He is president of Hot Foot America, inventor of the WINnovation Award winning Fright Kite, and has worked with bird control for decades excluding birds from crush pads, tasting rooms, barns, window ledges and other commercial structures. However, says Roger Snow: “In the wine industry people always said, ‘what do you have to keep the birds out of the vineyards?’” Now he has an answer.
The company has a history and culture of innovation starting 40 years ago with the development and patenting of the Hot Foot bird repellent gel and continuing with sprays, shock tracks, and netting systems to prevent bird damage.
The idea for the Falcon Crop Protection’s Fright Kite first occurred to Snow after speaking with a falconeer and seeing how effective the natural predators were. However, he also noted the high cost and the return of pest birds after the imminent threat had disappeared.
“When those falcons came out, the birds just disappeared,” says Snow. “So that was the spark that ignited my thinking, maybe you can put up something that looks close enough to the real thing, something that you can leave out there to scare the pest birds.”
Snow and his team started a research and development program with the objective of bringing this product to market and testing it for effectiveness. Having never worked with kites before, they found a small local manufacturer with a good business record, who also had experience producing helikites for military use.
“We told him what we were looking for, and he was willing to work with us.” says Snow. “Our goal was to create something that would scare the birds, that would stay up there all the time, so you wouldn’t have to go out there every day and mess around with it, and something that would be affordable and work.”
They started experimenting and testing a helikite, which is a helium filled balloon, but it was problematic. Because helium changes density with air temperature, the helikite would fly really well during the day, but then in the afternoon the temperature would drop and the balloon would shrink and sink down and get stuck between the vines.
“The next morning the balloon would fill up again, but of course the flight line would be tangled up in all the vines, and you’d have to run out and clear it; no one wanted to do that,” Snow explains. “Experimenting with helium was a good idea, but it fell flat. That left kites as the only option to get something up there.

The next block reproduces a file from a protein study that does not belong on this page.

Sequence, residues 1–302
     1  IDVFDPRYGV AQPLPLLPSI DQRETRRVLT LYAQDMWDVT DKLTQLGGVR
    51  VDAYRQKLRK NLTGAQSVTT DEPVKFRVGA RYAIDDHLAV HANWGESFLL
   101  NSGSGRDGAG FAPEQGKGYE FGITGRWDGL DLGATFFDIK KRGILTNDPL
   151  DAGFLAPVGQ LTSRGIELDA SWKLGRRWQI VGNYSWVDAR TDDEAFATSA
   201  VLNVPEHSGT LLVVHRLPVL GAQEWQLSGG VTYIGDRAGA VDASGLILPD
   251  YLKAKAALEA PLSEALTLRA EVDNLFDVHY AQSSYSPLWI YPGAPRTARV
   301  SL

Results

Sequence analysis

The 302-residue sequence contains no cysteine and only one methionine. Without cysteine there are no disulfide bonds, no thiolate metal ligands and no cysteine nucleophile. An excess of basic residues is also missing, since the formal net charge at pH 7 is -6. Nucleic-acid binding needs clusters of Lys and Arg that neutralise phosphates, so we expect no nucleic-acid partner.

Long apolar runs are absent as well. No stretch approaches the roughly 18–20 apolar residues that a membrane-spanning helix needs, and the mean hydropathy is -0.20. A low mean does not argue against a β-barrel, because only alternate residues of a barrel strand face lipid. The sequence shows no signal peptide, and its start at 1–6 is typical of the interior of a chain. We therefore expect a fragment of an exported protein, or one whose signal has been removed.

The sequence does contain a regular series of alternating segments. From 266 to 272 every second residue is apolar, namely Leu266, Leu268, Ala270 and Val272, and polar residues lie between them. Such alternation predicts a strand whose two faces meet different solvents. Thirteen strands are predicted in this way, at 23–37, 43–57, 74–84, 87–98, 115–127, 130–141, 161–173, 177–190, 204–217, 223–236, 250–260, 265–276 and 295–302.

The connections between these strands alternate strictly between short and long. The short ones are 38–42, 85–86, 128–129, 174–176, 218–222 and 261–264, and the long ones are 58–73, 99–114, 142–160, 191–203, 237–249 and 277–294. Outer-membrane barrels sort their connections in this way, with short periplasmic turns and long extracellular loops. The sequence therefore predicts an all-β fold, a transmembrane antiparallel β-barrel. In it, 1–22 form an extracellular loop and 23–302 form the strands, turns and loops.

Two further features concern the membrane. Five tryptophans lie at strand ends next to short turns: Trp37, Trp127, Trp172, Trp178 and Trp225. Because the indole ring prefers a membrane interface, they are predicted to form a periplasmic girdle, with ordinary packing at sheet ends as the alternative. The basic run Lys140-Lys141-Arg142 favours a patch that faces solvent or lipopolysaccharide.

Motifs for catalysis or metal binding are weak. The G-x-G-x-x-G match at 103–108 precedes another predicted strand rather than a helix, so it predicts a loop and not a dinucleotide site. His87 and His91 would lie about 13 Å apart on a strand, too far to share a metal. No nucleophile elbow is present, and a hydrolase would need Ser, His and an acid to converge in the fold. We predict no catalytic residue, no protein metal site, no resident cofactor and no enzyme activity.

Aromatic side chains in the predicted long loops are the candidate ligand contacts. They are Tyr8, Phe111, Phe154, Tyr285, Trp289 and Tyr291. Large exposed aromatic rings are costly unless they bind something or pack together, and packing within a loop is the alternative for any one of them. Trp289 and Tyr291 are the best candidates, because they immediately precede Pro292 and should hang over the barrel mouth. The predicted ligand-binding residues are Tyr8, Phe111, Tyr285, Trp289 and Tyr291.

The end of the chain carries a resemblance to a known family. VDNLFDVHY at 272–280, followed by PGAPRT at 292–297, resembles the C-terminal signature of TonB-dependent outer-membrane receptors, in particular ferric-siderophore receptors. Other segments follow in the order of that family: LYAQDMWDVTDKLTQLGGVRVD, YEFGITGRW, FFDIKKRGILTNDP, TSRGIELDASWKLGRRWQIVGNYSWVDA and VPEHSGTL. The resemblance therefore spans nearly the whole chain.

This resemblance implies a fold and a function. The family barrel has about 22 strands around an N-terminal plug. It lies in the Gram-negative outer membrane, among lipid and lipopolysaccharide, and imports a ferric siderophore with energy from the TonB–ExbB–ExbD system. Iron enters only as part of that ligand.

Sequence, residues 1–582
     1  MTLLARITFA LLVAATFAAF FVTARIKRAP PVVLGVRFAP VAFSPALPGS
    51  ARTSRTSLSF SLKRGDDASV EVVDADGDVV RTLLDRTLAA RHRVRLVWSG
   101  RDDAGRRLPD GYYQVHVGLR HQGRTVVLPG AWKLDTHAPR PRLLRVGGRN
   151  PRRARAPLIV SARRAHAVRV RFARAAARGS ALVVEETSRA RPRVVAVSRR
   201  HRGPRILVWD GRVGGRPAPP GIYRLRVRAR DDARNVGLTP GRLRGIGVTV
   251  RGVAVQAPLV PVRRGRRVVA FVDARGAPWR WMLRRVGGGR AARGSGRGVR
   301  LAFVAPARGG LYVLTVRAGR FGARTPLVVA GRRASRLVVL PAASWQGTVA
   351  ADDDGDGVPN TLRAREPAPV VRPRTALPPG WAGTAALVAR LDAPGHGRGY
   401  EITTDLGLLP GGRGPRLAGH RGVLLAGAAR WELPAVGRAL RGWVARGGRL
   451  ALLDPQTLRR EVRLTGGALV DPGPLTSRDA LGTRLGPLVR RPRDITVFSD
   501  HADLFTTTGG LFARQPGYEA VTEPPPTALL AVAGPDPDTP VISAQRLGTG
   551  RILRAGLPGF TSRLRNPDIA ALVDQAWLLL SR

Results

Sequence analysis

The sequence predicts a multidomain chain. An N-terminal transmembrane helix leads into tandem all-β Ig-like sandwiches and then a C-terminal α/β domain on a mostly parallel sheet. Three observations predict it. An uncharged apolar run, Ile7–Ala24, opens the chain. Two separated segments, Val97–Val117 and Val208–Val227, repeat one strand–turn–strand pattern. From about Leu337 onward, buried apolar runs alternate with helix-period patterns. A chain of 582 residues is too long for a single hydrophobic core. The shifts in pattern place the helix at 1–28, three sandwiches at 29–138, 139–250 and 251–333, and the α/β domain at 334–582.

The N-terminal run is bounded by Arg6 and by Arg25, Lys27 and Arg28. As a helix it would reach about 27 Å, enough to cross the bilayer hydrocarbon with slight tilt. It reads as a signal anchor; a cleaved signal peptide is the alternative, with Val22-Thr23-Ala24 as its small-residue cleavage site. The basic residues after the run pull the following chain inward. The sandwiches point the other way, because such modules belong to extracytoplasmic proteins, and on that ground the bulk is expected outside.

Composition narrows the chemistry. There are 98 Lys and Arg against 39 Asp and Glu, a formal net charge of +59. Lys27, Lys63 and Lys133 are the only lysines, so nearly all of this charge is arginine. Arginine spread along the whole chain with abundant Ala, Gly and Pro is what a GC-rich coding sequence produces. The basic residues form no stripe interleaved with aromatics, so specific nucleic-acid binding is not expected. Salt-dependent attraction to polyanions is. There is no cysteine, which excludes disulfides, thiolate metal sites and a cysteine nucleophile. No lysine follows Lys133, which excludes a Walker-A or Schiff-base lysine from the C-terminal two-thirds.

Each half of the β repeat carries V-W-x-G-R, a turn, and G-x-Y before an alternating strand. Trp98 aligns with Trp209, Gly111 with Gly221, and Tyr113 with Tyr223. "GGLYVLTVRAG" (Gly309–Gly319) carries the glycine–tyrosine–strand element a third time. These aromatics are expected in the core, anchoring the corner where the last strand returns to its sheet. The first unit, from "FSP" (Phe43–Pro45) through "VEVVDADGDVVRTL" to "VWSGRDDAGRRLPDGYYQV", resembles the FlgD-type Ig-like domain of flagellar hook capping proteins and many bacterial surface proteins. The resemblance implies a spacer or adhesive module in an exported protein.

“From my days as a kid I remember we used to fly box kites, which were really good for stability. So we wanted to get a combination of the box kite and the delta kite that would go up in the air very easily in a light wind, but dash around to mimic the movements of the falcon. We ruined a few before we finally came up with something that worked.”
To get the kite high up high in the air and make it visible to birds from a long distance, they attached 35 feet of flight line to a 42 foot telescoping aluminum pole getting the kite up to approximately 70 feet in the air. To create the appearance of a pack of falcons hunting together they placed a shorter pole in the vineyard with a kite hovering closer to the vines, imitating a falcon ready to swoop.
The pole system is easily moved from vineyard to vineyard by just one person, so the kite is able to follow varietals that are ripening at different times. The kite has the ability to self-launch with as little as 2mph wind and withstand up to 35mph withstanding field conditions and requires virtually no maintenance.
“There’s still a bit of work to be done on the poles, and once we’ve finished that, we hope to apply for a patent,” says Snow, “but what we’ve got is certainly good enough to give us the results and know that the system works.”
Over the course of the entire 2016 growing season field trials were run at five different vineyards ranging from Paso Robles to Healdsburg and in size from 2 to 50 acres. At the end of the harvest the results were astounding. In almost every case there was absolutely minimal damage to grapes, and 95%-100% of pest birds were repelled.
“The kite has a shape and color that pest birds recognize from the Peregrine Falcon; it darts and dives in a random pattern just like a real hunting falcon and even has wing movements like a real bird,” says Snow. “We call it the Fright Kite, because it gives the birds a hell of a fright.”
By Kim Badenfort